One of the classic programming challenges found on platforms like LeetCode involves problems that might seem simple on the surface but can be tackled using various methods, each with its unique complexities and trade-offs. The “Jewels and Stones” problem is one such question. It showcases the blend of string processing, data structures, and algorithmic thinking.

In this comprehensive article, we will dive deep into the problem, analyze its requirements, and explore multiple solutions in Python, ranging from the straightforward to the optimized.

## Problem Statement

You’re given strings `J`

representing the types of stones that are jewels, and `S`

, representing the stones you have. Each character in `S`

is a type of stone you have. You want to know how many of the stones you have are also jewels. The letters in `J`

are guaranteed distinct, and all characters in `J`

and `S`

are letters. Letters are case sensitive, so “a” is considered a different type of stone from “A”.

### Example:

```
Input: J = "aA", S = "aAAbbbb"
Output: 3
```

## Understanding the Problem

From the problem, we deduce:

- Only the stones that match the jewels exactly (including case sensitivity) should be counted.
- We need to find the count of occurrences of each jewel in the stone string.

## Solution Approaches

### Brute Force Approach

The most straightforward approach is to loop through each stone and check if it’s a jewel:

- Iterate over each stone.
- For each stone, iterate over each jewel to check if it matches.
- Count and return the total matches.

This approach, though functional, can be slow for large inputs.

### Optimized Approach using Set Data Structure

Since we’re essentially checking for the presence of an item in a collection, we can leverage the `set`

data structure in Python, which has an average time complexity of O(1) for the ‘in’ operation.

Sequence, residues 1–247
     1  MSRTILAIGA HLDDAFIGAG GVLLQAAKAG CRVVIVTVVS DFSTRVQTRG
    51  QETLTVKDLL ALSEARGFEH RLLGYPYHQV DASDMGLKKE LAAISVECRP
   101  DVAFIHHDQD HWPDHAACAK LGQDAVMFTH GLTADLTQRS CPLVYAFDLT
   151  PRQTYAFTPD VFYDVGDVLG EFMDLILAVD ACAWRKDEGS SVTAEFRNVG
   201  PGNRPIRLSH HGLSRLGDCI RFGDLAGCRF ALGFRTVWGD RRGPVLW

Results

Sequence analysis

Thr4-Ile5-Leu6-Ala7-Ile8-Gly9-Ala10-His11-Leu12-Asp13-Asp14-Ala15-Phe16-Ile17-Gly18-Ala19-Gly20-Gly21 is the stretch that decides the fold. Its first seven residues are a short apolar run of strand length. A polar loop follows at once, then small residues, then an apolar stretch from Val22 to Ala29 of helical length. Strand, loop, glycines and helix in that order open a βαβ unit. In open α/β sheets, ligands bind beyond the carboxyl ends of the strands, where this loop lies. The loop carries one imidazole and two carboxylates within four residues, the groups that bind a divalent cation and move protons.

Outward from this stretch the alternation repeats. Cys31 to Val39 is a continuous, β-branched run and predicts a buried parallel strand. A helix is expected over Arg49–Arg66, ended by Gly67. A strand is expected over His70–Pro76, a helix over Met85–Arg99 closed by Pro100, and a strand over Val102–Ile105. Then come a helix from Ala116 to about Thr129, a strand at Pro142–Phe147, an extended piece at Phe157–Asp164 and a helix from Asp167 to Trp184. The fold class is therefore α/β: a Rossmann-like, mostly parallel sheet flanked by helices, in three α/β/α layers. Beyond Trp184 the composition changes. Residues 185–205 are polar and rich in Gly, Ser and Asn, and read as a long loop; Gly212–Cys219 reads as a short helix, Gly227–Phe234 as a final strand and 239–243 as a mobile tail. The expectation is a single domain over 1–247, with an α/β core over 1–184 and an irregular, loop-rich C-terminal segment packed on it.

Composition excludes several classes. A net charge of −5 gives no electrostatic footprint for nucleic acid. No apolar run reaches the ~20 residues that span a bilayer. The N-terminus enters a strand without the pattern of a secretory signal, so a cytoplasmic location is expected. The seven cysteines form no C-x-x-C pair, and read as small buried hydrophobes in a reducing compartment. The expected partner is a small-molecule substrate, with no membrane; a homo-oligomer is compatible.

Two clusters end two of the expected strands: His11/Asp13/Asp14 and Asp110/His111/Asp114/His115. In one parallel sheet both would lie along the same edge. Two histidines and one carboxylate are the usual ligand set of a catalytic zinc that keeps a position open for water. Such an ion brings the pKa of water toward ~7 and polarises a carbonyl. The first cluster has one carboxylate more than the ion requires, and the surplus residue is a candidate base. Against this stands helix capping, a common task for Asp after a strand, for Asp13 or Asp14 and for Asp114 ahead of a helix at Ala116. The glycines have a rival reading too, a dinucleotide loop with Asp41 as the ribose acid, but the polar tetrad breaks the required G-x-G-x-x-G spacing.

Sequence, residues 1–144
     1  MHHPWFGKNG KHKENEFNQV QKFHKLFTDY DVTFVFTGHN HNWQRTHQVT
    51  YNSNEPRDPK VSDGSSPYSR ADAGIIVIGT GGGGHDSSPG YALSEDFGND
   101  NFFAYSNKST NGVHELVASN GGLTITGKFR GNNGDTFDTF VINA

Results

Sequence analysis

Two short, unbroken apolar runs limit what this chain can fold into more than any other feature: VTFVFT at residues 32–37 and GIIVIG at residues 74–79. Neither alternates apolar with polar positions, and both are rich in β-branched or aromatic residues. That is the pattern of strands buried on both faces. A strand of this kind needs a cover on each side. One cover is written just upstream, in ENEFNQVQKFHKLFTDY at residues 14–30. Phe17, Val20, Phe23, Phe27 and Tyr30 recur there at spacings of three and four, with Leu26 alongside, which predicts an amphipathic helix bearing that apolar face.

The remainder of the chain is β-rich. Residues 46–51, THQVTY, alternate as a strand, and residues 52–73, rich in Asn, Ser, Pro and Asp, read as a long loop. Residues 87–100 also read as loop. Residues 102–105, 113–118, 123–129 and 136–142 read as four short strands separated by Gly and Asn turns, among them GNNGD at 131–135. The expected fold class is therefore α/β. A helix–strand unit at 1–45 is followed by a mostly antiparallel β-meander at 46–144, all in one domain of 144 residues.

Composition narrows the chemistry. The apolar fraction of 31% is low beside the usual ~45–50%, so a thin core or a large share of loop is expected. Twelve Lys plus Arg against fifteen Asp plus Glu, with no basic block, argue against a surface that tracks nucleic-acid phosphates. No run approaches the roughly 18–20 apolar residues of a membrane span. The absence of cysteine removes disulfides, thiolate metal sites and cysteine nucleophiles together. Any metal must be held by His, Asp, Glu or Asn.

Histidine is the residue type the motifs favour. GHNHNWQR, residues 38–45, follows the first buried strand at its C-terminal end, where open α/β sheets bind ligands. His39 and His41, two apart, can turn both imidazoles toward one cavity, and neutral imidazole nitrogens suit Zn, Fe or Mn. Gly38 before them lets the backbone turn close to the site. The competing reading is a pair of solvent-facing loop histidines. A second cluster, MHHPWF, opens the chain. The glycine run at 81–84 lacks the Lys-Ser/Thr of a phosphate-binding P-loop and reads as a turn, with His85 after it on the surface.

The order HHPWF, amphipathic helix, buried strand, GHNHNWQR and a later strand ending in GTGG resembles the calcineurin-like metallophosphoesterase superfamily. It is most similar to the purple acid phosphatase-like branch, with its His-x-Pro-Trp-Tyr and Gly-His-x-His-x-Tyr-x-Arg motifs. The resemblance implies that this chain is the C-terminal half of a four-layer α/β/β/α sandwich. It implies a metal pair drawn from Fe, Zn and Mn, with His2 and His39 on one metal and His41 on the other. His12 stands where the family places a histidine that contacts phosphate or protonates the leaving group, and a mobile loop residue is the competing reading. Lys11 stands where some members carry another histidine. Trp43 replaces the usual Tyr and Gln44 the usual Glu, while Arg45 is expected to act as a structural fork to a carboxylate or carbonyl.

- Convert the jewel string into a set.
- Iterate over each stone and check if it’s in the set of jewels.
- Count and return the total matches.

## Python Solutions

### Brute Force Solution:

```
def numJewelsInStones(J: str, S: str) -> int:
count = 0
for stone in S:
if stone in J:
count += 1
return count
# Example Usage
J = "aA"
S = "aAAbbbb"
print(numJewelsInStones(J, S)) # Expected output: 3
```

### Optimized Solution:

```
def numJewelsInStones(J: str, S: str) -> int:
jewels_set = set(J)
return sum(1 for stone in S if stone in jewels_set)
# Example Usage
J = "aA"
S = "aAAbbbb"
print(numJewelsInStones(J, S)) # Expected output: 3
```

## Complexity Analysis

### Brute Force:

**Time Complexity:** O(m*n) where m is the length of string `S`

and n is the length of string `J`

.

**Space Complexity:** O(1) since we only use a constant amount of space beyond the input strings.

### Optimized Solution:

**Time Complexity:** O(m + n). This accounts for converting the jewel string into a set and iterating over each stone.

**Space Complexity:** O(n) for storing the jewels in a set.

## Conclusion

The “Jewels and Stones” problem exemplifies the recurring theme in programming challenges: there’s often more than one way to solve a problem. Although the brute force solution may be the first one to come to mind, thinking a bit more about the nature of the problem can lead to an optimized solution. The problem also illustrates the power of using the right data structures — in this case, the `set`

— to simplify a problem and make the solution both cleaner and faster.